Candidate Profile: Cindy Bass
Patch profiles Cindy Bass, one of seven candidates running for Philadelphia City Council from the 8th District.
Editor's Note: This is the first in a series that will run throughout the week in which we publish question and answer sessions with each of the seven candidates in the 8th District City Council race. Each candidate will answer the same five questions. We'll also run videos of the candidates talking specifically about Chestnut Hill issues.
Today's featured candidate is Cindy Bass. Watch her video here.
Talk about your background and about why you're running for City Council.
Originally, I'm from North Philadelphia, and even when I was a young person growing up in the community, I always felt like, 'Why was my community like it was? Why didn't we have better streets, safer streets, better neighborhoods and access to recreation facilities that were of a better quality?' Even as a young person it just drove me to want to do more and be more involved and find out how I could get more for my community, so I've always had a background of service in different areas. Whether it was community cleanups as a kid, or working in the neighborhood, or being a candystriper, or being a Girl Scout, these were all roles that helped me to do more and give for the community.
So that was something that was ingrained in me at a young age and really drove me to become the person that I am, which I feel is someone who is very much interested in service. And it's really been the driving force in who I have been for a long time—so that's how I got to be where I am today.
It's really always been, for me, about service, about making communities better, about making lives better and making sure everyone has opportunities, no matter what community you come from.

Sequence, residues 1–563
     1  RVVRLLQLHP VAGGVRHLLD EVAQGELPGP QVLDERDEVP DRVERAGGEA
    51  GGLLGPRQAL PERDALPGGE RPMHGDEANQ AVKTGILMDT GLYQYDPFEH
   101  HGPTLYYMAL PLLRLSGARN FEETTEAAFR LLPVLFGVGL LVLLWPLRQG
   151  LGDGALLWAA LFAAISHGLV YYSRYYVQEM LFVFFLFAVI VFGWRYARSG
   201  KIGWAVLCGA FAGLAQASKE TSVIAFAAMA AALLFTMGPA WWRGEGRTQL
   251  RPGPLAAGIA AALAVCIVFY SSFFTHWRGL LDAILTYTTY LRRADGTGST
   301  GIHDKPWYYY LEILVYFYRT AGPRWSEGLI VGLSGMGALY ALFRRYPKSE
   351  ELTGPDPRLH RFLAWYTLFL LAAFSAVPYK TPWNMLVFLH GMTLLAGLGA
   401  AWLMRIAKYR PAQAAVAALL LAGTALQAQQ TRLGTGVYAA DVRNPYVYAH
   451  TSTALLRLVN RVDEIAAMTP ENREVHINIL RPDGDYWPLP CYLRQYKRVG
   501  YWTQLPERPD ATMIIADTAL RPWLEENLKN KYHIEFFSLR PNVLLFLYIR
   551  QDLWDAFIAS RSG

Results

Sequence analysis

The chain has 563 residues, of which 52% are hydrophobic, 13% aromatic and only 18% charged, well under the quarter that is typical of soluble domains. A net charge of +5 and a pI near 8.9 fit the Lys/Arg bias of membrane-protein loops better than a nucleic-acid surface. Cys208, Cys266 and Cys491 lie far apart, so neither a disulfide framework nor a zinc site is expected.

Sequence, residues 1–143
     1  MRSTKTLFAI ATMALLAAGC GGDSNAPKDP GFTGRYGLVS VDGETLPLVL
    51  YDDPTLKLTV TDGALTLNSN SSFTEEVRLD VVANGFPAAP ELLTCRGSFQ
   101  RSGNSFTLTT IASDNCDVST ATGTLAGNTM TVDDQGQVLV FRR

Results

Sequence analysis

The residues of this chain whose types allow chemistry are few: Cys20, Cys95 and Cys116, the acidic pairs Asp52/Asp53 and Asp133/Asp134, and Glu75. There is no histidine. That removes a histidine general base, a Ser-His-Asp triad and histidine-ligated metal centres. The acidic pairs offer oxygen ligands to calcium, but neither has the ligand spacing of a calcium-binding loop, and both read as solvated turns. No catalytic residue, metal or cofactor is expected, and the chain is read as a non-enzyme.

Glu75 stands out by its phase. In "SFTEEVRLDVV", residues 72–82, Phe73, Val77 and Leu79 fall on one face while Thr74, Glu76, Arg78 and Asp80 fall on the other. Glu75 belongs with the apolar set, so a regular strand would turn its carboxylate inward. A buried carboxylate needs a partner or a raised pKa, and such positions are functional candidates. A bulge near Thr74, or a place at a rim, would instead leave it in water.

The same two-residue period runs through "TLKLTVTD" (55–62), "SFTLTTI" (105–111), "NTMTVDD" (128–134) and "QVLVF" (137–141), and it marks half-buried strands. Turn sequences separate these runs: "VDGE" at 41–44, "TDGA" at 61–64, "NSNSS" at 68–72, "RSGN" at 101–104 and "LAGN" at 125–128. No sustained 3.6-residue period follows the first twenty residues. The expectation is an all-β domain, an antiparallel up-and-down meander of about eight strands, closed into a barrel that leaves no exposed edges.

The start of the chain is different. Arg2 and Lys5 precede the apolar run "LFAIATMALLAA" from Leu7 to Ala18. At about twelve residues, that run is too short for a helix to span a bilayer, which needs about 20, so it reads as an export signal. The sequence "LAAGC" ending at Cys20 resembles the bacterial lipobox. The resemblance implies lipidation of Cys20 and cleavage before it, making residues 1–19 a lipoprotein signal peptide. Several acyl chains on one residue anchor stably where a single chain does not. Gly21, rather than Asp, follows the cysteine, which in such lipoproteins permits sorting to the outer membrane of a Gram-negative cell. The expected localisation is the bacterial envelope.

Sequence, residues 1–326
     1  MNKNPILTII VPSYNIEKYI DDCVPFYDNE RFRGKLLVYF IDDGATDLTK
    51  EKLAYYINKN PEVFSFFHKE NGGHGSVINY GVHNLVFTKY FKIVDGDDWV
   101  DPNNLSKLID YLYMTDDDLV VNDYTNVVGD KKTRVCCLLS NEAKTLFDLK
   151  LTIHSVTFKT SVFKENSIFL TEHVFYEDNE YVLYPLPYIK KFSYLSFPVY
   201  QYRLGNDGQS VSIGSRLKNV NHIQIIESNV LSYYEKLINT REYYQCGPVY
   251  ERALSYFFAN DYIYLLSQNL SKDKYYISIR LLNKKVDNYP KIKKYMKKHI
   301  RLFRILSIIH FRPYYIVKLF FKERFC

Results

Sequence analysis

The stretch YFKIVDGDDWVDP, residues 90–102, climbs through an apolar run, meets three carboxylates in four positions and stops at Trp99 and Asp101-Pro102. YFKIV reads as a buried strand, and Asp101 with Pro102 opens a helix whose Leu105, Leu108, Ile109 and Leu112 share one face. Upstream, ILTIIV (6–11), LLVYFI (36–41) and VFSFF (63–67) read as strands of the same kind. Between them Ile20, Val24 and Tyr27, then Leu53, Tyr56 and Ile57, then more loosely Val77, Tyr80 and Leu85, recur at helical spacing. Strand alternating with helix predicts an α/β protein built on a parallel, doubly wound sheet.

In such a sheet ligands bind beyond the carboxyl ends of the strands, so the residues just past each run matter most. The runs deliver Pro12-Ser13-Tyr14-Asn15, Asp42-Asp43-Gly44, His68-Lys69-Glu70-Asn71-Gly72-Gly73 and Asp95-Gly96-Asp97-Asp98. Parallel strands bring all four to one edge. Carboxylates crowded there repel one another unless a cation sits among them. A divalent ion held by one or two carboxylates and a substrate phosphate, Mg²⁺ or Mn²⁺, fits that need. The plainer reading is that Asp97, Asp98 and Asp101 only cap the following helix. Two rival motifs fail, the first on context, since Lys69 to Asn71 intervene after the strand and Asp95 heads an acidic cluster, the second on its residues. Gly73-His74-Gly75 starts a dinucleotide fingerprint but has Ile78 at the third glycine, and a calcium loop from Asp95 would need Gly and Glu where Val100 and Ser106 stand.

How would you, as a City Council member, work with the School District of Philadelphia to improve students' performance?
As a member of City Council, some of the things you can do—you can advocate and you can investiagte. And as an advocate for the schools, we need to make sure that we have a safety advocate. I know that we did have someone who was fulfilling that role, and we no longer have a person in that role. And I would be very much supportive of making sure that we have someone who is going to be a safe schools advocate. I think it's critical.
We need to track what the levels of violence and anti-social behavor are in our schools. We need to have an accurate accounting of what those numbers are so that we can then do something about what the problem is. So that's the first step, and then, once we figure out what the level of the problem is, we can take corrective action from there. So this is something where we just need to have more non-teaching assistants in the schools. This is something where we can get more community volunteers to provide safe corridors (and be) walking home to reduce the fights and violence on the way home for our young people and exploring all of our options.